It seems as if Imran Khan had just waited for President Donald Trump to keep his 4-year-old campaign promise and order the US military to halve the number of troops it has in Afghanistan within the next two months. Just a day after Trump's order, the Pakistan prime minister, on his maiden visit, arrived in Kabul to meet Afghan President Ashraf Ghani particularly to discuss the reconciliation process between the Taliban and the Afghan government, which has been stalled since September.
Couldn't have this been done earlier? On one hand, Pakistan has been preaching to better bilateral ties and improve regional economic development and connectivity with its western neighbour but experts say that it's a clear effort that showcases the country's unique power to play a double game in destabilising the regional geo-politics.
The United States and the international community have accused Pakistan of sponsoring militant groups in Afghanistan as well as Jammu and Kashmir for decades—a charge Islamabad vehemently denies. Pakistan does, in fact, support three prominent jihadi militant groups in Jammu and Kashmir: the Hizb‐ul‐Mujahideen, Lashkar‐e‐Taiba, and Jaish‐e‐Mohammad, even though these groups are officially banned by the Pakistani government. Washington has also routinely criticized Pakistan for supporting the Afghan Taliban and Haqqani Network, both of which have frequently attacked the US troops and coalition forces present in Afghanistan.
Pakistan's double game on terror
Why does Pakistan continue to sponsor militant groups in the face of considerable US pressure to stop? This question has plagued US-Pakistan relations for decades. Trump has repeatedly rebuked Pakistan, inflaming an already tense relationship when he tweeted about decades of American aid to Pakistan with "nothing but lies and deceit" in return.
The Trump administration subsequently reduced security and military aid to Pakistan, campaigned to add Pakistan to an intergovernmental watchlist for terrorism financing, and imposed sanctions on seven Pakistani firms involved in prohibited nuclear activities.
Unfortunately, these policies are unlikely to be effective in changing Pakistan's behavior. Pakistan's military establishment and intelligence agencies consider militant sponsorship an important mechanism for maintaining Pakistan's sovereignty and national identity.
As per experts, Pakistan's civilian institutions, too, have evolved to facilitate militant sponsorship by routinely legitimizing expansive executive powers, limiting judicial oversight, and violating civil liberties in the name of the national interest. Pakistan's civilian and military institutions, therefore, are much more closely aligned on matters of state sponsorship of militant groups than most US policymakers and academics think, and therefore less susceptible to outside pressure.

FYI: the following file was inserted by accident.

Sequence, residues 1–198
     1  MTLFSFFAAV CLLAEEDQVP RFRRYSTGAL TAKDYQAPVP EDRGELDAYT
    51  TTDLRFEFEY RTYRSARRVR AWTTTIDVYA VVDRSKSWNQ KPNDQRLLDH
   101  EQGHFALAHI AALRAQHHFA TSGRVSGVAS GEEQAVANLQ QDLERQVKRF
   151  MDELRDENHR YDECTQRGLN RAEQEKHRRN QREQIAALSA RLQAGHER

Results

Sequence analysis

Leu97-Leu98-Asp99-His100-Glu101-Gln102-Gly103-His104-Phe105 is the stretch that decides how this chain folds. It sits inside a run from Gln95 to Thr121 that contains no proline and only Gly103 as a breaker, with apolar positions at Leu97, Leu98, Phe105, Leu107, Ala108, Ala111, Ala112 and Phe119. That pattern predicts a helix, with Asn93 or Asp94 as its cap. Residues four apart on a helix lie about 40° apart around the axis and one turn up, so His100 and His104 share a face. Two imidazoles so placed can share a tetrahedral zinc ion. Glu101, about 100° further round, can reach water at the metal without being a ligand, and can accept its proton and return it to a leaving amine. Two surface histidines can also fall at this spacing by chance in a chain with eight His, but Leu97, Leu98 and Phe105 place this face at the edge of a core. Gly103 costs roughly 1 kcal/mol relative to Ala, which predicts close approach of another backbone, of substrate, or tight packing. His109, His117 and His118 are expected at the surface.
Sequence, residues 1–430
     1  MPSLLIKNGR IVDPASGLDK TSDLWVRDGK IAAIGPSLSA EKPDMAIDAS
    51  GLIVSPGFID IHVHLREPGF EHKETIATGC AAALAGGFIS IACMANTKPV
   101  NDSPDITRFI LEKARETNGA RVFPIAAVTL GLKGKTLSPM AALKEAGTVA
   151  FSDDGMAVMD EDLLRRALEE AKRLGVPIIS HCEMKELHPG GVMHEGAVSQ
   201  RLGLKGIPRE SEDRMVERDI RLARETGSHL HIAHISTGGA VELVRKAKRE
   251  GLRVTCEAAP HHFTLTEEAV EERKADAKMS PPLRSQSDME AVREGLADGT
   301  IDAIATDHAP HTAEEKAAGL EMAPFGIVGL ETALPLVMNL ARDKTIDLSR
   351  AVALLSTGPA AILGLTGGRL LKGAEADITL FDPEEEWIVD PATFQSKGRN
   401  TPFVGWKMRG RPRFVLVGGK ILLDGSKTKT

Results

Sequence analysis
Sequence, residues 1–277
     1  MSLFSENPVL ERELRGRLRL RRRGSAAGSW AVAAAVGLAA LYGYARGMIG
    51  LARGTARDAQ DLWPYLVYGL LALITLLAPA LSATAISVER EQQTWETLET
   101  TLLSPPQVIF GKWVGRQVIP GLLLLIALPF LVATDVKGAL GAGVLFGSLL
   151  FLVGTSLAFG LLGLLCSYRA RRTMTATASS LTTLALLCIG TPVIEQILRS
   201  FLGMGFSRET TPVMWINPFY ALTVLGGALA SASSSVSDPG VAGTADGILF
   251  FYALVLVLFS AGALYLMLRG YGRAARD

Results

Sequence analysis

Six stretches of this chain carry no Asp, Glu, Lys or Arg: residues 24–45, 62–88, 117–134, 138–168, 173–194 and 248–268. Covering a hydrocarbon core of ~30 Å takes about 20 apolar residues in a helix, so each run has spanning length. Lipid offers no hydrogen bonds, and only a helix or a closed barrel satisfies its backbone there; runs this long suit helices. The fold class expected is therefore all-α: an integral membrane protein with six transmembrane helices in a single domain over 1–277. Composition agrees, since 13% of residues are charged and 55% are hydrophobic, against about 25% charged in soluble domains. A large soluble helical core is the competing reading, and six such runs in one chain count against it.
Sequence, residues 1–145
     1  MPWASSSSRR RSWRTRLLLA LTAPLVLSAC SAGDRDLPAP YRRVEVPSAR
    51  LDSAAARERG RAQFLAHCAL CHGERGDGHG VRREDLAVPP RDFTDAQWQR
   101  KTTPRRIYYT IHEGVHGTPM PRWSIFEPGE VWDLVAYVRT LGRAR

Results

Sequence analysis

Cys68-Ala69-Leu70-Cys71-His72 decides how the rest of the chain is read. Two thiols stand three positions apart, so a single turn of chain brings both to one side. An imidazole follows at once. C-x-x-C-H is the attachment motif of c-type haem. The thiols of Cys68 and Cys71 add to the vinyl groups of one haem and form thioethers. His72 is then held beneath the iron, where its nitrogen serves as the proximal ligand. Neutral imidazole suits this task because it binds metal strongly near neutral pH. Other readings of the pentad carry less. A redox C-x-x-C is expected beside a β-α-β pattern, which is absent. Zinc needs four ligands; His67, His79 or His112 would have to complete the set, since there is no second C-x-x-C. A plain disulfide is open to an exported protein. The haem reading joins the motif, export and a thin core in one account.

According to the European Foundation for South Asian Studies (EFSAS) report, there are several kinds of militant groups operating in and from Pakistan that can be distinguished by their sectarian background and their areas of operation. Their objectives may vary from overthrowing the Pakistani government, seizure of Indian Administered Jammu and Kashmir or support of Afghan Taliban.
"Even, the Al Qaeda operatives based in Pakistan are largely non-Pakistani. They operate through networks of supportive Pakistani militant groups having strongest ties with Deobandi groups such as the Pakistani Taliban, Jaish-e-Mohammad (JM), Lashkar-e-Jhangvi (LeJ) and Lashkar-e-Taiba (LeT). The objective of this terrorist group is the establishment of an Islamic Caliphate."
"Pakistan also plays a key role in funding these terrorist organizations. As per reports, the yearly expenditure of ISI towards the terrorist organizations runs between 125-250 million USD, covering salaries, cash incentives for high-risk operations and retainers for guides, porters and informers. Apart from training and funding the terrorist organizations, the ISI has fundamentally altered the dimensions of the conflict in Kashmir by transforming it to a movement being carried out by foreign militants on Pan-Islamic religious terms," the report says.
"Apart from the incessant involvement in terrorist activities in Indian Administered Jammu and Kashmir, ISI has been involved in running several military intelligence programs in India like supplying arms to insurgents in North-East India, supporting pro-Khalistan terrorist groups in Punjab and actively printing and supplying counterfeit Indian currency notes. They have allegedly been involved in terrorist attacks viz. 1993 Mumbai bombing, 2008 Mumbai attacks, known as 26/11 (LeT), attacks in Pathankot and Uri," the Netherland-based think tank adds further in the report.